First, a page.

To make the job easier, make assembly fixtures to hold shafts or bearing blocks for performing the preload. Also, make an adapter to connect the torque wrench to the bearing shaft. For example, if the shaft has a large threaded end for a large nut, fit a piece of hose over the threaded end and fit the other end of the hose to a socket of the same OD as the threaded end of the shaft.
Installing, Preloading the Bearings
After disassembling the roll tooling, clean all of the components. Whether the bearings are new or used, apply a light coating of grease to the outside races before checking the preload. Never preload a dry bearing.
Assemble the shaft and bearing assemblies, following the manufacturer’s guidelines or prints. When using applications that require double locknuts, be sure the second nut is tight against the first nut before checking the preload.
With the torque wrench attached to the end of the shaft, rotate the shaft and note the force required to rotate the shaft continuously. Ignore the initial peak force, which is higher than the force needed to keep the shaft rotating.
- If the reading is lower than the manufacturer’s recommendation, tighten the assembly components. If the assembly uses locknuts, tighten them (but don’t finish bending the lock washer tab down on the locknut yet). If the bearing has an outside race design, remove or add shims for a tighter assembly, depending on the design of the bearing block and the bearing block retainers.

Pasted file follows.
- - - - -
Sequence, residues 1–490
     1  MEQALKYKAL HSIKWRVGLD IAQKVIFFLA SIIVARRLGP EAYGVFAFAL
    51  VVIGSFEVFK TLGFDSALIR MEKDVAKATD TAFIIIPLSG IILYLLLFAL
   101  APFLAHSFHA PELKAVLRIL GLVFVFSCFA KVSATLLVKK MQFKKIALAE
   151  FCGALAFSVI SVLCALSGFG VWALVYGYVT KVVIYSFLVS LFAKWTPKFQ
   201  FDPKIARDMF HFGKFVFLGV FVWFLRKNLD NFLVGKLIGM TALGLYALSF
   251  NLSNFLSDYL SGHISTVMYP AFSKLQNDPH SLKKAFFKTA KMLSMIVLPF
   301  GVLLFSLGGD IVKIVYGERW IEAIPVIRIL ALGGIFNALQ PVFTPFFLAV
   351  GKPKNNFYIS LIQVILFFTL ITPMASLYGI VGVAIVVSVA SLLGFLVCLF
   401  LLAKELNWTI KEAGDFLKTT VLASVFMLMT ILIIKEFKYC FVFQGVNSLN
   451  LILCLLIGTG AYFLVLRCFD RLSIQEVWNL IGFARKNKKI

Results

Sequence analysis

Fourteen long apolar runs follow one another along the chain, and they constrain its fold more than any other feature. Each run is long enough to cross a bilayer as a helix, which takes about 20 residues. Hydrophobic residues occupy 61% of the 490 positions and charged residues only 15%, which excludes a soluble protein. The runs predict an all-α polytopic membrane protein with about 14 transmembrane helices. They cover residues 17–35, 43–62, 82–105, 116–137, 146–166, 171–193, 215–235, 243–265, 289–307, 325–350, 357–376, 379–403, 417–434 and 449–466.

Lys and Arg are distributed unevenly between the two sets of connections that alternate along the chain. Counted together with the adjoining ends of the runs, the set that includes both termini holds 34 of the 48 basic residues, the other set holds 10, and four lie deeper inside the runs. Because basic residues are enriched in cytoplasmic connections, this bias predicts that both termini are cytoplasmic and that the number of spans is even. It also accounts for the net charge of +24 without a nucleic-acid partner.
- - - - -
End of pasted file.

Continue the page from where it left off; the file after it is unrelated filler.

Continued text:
- If the reading is higher than the manufacturer’s recommendation, loosen the assembly components. If the assembly uses locknuts, loosen them (but don’t finish bending the lock washer tab down on the locknut yet). If it uses double locknuts, first try to back off the inside nut against the outside nut, then recheck the preload. If it is still too high, you will need to first back off the outside nut a small amount, then again adjust the inside nut to the outside nut and recheck your preload. If the assembly is the outside race design, add or subtract shims to obtain the proper preload.
After you have achieved the final preload value, bend the lock washer tab down on the locknut. Next, while rotating the shaft assembly, grease the bearing block assembly. After it is lubricated, it is ready to be put back into service.
If a bearing continues to work itself loose, look for a mechanical problem. A loose fit to the bearing journals or bore of bearing blocks often is the primary cause.
With proper lubrication, a properly preloaded bearing assembly will last for years. Establish a good preventive maintenance program for lubricating the machine and verify it is not overloaded, potentially causing bearing failure. A central lube system is one of the most effective applications because the bearings are lubricated as they are rotating and deliver only measured amounts of grease to the assembly,saving on grease costs.
The Tube & Pipe Journal